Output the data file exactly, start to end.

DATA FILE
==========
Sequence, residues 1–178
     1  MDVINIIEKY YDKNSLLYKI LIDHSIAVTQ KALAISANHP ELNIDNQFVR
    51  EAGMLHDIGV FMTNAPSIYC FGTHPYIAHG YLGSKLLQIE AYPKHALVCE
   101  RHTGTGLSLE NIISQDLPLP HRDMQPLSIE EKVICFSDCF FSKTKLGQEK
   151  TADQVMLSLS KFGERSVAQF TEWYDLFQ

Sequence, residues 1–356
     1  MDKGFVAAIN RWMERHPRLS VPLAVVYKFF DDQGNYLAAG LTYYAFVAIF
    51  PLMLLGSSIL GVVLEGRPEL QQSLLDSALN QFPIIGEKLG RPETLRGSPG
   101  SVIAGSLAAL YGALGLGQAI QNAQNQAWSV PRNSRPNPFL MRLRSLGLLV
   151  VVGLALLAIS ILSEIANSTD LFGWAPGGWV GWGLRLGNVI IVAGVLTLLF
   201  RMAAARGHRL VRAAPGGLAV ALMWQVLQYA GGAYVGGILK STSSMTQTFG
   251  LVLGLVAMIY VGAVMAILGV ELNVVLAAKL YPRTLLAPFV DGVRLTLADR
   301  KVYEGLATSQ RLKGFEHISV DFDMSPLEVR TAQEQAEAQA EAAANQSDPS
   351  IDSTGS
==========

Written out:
Sequence, residues 1–178
     1  MDVINIIEKY YDKNSLLYKI LIDHSIAVTQ KALAISANHP ELNIDNQFVR
    51  EAGMLHDIGV FMTNAPSIYC FGTHPYIAHG YLGSKLLQIE AYPKHALVCE
   101  RHTGTGLSLE NIISQDLPLP HRDMQPLSIE EKVICFSDCF FSKTKLGQEK
   151  TADQVMLSLS KFGERSVAQF TEWYDLFQ

Sequence, residues 1–356
     1  MDKGFVAAIN RWMERHPRLS VPLAVVYKFF DDQGNYLAAG LTYYAFVAIF
    51  PLMLLGSSIL GVVLEGRPEL QQSLLDSALN QFPIIGEKLG RPETLRGSPG
   101  SVIAGSLAAL YGALGLGQAI QNAQNQAWSV PRNSRPNPFL MRLRSLGLLV
   151  VVGLALLAIS ILSEIANSTD LFGWAPGGWV GWGLRLGNVI IVAGVLTLLF
   201  RMAAARGHRL VRAAPGGLAV ALMWQVLQYA GGAYVGGILK STSSMTQTFG
   251  LVLGLVAMIY VGAVMAILGV ELNVVLAAKL YPRTLLAPFV DGVRLTLADR
   301  KVYEGLATSQ RLKGFEHISV DFDMSPLEVR TAQEQAEAQA EAAANQSDPS
   351  IDSTGS